The Union Finance Minister has announced the launch of the Digital Rupee — a central bank digital currency (CBDC) — 2022-23 onwards.
About Digital Rupee
- The Reserve Bank of India will launch the CBDC from the upcoming financial year.
- This follows the government’s plans to launch the CBDC that will be backed by blockchain technology.
What is a CBDC?
- CBDC is a legal tender issued by a central bank in a digital form.
- It is similar to a fiat currency issued in paper and is interchangeable with any other fiat currency.
- One chief difference will be that a Digital Rupee transaction will be instantaneous as opposed to the current digital payment experience.
Features of CBDC
- CBDC is a high-security digital instrument; like paper banknotes, it is a means of payment, a unit of account, and a store of value.
- And like paper currency, each unit is uniquely identifiable to prevent counterfeit.
- It is a liability of the central bank just as physical currency is.
- It’s a digital bearer instrument that can be stored, transferred, and transmitted by all kinds of digital payment systems and services.
Need for CBDC
- India is a leader in digital payments, but cash remains dominant for small-value transactions.
- India has a fairly high currency-to-GDP ratio.
- An official digital currency would reduce the cost of currency management while enabling real-time payments without any inter-bank settlement.
Key benefits offered
- CBDC can definitely increase the transmission of money from central banks to commercial banks and end customers much faster than the present system.
- Specific use cases, like financial inclusion, can also be covered by CBDC that can benefit millions of citizens who need money and are currently unbanked or banked with limited banking services
- The move to bring out a CBDC could significantly improve monetary policy development in India.
- In the cross-border payments domain, India can take a lead by leveraging digital Rupee especially in countries such as Bhutan, Saudia Arabia and Singapore where NPCI has existing arrangements.
Digital Rupee different from Bitcoin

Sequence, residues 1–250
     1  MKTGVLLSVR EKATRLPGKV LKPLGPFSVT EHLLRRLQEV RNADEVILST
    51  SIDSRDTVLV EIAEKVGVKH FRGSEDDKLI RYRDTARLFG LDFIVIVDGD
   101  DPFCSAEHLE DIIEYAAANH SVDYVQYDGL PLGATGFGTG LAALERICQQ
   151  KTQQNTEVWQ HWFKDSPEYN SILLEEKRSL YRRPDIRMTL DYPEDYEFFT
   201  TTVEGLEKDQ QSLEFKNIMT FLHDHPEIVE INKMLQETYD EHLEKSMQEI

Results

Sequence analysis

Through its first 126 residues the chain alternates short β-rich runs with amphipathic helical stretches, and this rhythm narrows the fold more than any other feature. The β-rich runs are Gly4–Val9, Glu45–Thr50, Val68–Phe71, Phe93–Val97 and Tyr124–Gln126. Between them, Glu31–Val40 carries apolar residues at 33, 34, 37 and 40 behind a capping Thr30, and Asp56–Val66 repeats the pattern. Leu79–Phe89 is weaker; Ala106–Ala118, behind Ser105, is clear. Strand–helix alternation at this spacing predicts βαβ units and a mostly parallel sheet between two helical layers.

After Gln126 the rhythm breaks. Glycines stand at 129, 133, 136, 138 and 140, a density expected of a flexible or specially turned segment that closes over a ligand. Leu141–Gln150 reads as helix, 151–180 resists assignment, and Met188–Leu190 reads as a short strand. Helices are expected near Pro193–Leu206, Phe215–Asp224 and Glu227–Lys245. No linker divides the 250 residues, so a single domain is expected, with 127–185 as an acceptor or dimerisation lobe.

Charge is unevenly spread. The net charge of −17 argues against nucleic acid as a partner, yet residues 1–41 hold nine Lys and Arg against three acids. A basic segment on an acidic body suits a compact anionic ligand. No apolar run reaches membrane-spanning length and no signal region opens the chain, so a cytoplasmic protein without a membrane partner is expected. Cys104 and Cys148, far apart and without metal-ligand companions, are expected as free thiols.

- It was earlier not known how India’s own virtual currency will shape up. The new budget has shed some light on the same, confirming the use of blockchain and other technologies for its use in the country. While this was earlier considered to be a difference between Digital Rupee and Bitcoin, there is now little left to differentiate between the two.
- Blockchain technology, by nature, is decentralised, meaning that all its information is stored across a network of computers. This brings increased resilience to the data against errors as well as cyber threats. For cryptocurrencies like Bitcoin, this network is spread globally across the systems of its developers.
- Digital Rupee will have a slightly different version of this. Since the currency will be regulated by the RBI, it will not be truly decentralised in nature. Meaning there is, in fact, one entity controlling its issuance and distribution, just the opposite of what decentralised would mean in a true sense.
- The “decentralised” adjective, thus, only stands true for blockchain technology and its network of computers in the case of the Digital Rupee. RBI will have to set up this network going forward, but the blockchain network will be limited to the bank and the associated entities. As a report by PWC highlights, CBDC may need “an underlying system for issuance and distribution to the public” and for this, the RBI may have to include public and private banks, payment service providers (PSPs) and operators on the network.
- A wider ecosystem would then entail the involvement of other financial institutions and third-party service providers. So, even though the Digital Rupee will follow the issuance models of the physical currency, a setup needs to be in place for it.
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